3 Rules for Learning Spoken English

This article explains three rules that you must follow in order to learn spoken English. These three rules help you retrain your mind and tongue simultaneously so that you will learn to speak fluent English quickly.

There are three simple rules you must follow when you are learning to speak English:

3 Rules for Learning Spoken English

1. To learn to speak English correctly, you must speak it aloud

When you are studying spoken English, it is important that you speak loudly and clearly. You are training your mind to respond to a new pattern of proprioceptive and auditory stimuli. This can only be done when you are speaking aloud at full volume.

One of the reasons that your English studies in school required so much time while producing such poor results is that none of the silent studies did anything to train your tongue to speak English.

2. To learn to speak English fluently, one must think in English

The proprioceptive sense is not all that you are retraining when you learn spoken English. There is cognitive learning (memory) which must also take place. Grammar-based English instruction has emphasised cognitive learning to the exclusion of retraining the proprioceptive sense. Nonetheless, cognitive learning is an important part of learning to speak English fluently.

Your mind must be actively involved in the construction of syntax for speech to occur. The more actively your mind participates in spoken English, the more effective your learning process will be.

However, just as you will hinder proprioceptive training by trying to study silently, so you will also limit cognitive learning by reading from a text rather than constructing the syntax in your own mind. If you are studying English with Spoken English Learned Quickly, you may use the written text when you first study a new exercise. However, after repeating the exercise two or three times, you must close the text and do the exercise from recall memory as you listen to the audio recording. You must force your mind to think in English by using your recall memory when you are studying spoken exercises. You can't read from a book.

I will come back to this later in Chapter 5: Selecting a Text, because there will be times when reading from a text such as a newspaper is an effective language learning tool. But when you are doing sentence responses with recorded exercises, you must force your mind to develop the syntax by doing the exercise without reading from a text.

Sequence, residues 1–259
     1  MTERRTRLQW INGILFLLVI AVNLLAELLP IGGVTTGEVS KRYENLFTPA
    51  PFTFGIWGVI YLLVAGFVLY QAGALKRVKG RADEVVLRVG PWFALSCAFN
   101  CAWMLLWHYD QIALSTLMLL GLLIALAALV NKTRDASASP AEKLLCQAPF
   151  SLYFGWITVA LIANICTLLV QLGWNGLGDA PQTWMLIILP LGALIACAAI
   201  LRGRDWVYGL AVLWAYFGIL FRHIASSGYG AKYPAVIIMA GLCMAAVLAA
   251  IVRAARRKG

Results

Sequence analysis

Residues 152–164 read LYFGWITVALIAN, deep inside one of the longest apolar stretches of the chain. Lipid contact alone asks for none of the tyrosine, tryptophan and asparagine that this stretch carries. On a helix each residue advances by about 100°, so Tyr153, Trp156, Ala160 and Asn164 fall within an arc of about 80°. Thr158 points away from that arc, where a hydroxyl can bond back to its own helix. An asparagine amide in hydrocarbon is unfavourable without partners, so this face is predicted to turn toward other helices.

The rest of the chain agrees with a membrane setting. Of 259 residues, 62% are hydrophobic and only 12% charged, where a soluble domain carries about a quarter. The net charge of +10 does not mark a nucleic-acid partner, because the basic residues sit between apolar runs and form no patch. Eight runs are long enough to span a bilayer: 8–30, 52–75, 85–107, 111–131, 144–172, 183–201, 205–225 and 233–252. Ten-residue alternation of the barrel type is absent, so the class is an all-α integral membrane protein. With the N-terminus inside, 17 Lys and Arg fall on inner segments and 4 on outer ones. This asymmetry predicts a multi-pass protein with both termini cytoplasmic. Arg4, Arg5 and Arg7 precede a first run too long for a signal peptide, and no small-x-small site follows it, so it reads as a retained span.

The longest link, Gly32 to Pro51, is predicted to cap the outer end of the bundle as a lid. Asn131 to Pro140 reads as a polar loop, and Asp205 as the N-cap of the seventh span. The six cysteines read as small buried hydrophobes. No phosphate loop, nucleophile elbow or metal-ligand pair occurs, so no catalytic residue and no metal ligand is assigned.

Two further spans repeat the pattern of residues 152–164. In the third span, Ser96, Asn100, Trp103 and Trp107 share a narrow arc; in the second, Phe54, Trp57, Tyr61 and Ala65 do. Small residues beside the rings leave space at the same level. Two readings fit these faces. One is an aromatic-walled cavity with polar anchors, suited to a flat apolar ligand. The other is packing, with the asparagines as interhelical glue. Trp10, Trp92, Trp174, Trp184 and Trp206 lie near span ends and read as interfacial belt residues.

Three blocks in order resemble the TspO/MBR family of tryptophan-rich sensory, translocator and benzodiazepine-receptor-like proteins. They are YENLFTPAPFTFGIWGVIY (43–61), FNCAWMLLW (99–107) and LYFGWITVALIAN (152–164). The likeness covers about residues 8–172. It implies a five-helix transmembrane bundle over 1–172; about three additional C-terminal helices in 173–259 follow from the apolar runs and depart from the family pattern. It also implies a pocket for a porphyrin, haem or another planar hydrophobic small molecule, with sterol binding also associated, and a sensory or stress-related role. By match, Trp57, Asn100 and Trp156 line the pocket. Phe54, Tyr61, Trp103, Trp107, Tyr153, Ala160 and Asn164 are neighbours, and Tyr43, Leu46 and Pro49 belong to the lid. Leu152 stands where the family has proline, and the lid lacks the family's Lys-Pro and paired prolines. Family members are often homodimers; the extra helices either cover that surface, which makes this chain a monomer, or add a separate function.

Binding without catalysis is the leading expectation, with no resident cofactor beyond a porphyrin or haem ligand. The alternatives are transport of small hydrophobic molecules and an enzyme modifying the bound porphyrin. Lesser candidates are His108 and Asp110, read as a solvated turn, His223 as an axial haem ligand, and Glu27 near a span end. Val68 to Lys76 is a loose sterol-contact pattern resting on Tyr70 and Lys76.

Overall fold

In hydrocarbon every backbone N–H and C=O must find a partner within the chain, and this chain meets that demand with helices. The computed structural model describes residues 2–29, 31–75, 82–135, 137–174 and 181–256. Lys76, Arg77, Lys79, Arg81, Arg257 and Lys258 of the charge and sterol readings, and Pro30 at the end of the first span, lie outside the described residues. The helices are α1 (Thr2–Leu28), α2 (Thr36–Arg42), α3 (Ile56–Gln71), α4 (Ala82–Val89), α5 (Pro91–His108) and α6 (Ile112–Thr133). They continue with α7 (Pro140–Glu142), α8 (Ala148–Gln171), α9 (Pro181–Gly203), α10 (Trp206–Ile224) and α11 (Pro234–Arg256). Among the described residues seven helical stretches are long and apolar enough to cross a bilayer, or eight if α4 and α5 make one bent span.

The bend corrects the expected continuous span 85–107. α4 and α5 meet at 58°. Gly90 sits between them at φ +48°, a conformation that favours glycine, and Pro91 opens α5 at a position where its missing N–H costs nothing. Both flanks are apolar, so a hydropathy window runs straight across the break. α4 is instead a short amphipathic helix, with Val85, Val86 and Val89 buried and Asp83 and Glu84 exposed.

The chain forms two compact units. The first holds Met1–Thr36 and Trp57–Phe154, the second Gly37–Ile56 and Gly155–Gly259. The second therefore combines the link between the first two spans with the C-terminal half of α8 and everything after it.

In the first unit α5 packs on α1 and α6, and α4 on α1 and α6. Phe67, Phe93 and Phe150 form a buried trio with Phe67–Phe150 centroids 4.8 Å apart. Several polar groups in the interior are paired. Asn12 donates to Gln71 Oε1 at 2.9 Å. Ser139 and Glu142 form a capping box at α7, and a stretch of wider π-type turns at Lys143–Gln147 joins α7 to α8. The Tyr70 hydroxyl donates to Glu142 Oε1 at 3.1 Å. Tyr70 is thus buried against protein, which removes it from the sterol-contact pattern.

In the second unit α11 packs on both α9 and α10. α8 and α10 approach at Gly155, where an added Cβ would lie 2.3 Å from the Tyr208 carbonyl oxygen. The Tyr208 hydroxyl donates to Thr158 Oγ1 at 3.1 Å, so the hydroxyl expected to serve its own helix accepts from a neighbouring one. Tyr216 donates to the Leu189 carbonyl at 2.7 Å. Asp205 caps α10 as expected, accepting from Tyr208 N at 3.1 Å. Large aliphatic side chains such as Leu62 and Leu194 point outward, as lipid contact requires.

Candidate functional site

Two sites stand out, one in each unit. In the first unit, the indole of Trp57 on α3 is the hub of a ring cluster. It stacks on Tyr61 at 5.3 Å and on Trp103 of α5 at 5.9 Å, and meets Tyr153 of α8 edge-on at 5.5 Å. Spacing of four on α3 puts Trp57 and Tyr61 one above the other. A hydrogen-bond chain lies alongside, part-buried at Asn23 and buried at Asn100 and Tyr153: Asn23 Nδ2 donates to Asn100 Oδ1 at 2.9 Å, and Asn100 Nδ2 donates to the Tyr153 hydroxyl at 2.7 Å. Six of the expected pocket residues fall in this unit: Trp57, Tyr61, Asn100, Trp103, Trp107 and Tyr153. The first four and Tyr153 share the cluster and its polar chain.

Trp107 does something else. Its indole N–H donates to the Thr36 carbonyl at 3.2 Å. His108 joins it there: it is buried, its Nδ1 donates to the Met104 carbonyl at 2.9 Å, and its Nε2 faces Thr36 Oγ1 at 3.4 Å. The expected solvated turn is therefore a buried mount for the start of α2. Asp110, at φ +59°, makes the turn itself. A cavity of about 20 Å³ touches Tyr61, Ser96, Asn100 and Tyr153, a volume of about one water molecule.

You are not thinking in English if you are reading. Making your mind work in order to think of the response is an important part of learning to speak English.

3. The more you speak English aloud, the more quickly you will learn to speak it fluently

Proprioceptive retraining is not instantaneous. It will require a great deal of repetition to build the new language patterns in your mind. As these new patterns develop, there will be a progression from a laborious, conscious effort, to speech that is reproduced rapidly and unconsciously.

When you speak your first language, you do so with no conscious awareness of tongue or mouth position and the airflow through the vocal cords. In contrast, it requires experimentation and conscious effort when you first attempt to make an unknown discrete sound in English—this single sound, usually represented by one letter, is called a phoneme. Some of the new sounds will be relatively simple for you to make. Others will be more difficult.

To add to the complexity, each phoneme has other phonemes or stops adjacent to it that change its sound slightly. (A stop is a break caused by momentarily restricting the airflow with the tongue or throat)

For example, the simple English sentence, "Why didn't that work?" may be difficult for you to pronounce if your language does not use the English "th" sound. But it may give you difficulty for another reason as well. There are actually two stops in the sentence. When properly pronounced, there is a stop between the "n" and the "t" in "didn't" and another stop between the final "t" in "didn't" and the first "t" in "that." Even though the sentence may be said very quickly, the two stops would make it, "Why didn / t / that work?"

Your objective is not to be able to write the sentence, "Why didn't that work?" accurately in English. Your goal isn't even to be able to say it well enough for someone to figure out what you're saying. Your objective is to be able to say, "Why didn't that work?" so perfectly to an American that she would think she had just been asked the question by a fellow American.

That degree of perfection will require thousands, if not tens of thousands, of repetitions. Therefore, to be somewhat facetious, the more quickly you correctly repeat a particularly difficult phoneme ten thousand times, the more quickly you will be able to use it fluently. That is what I mean when I say, "The more you speak English aloud, the more quickly you will learn to speak fluently."

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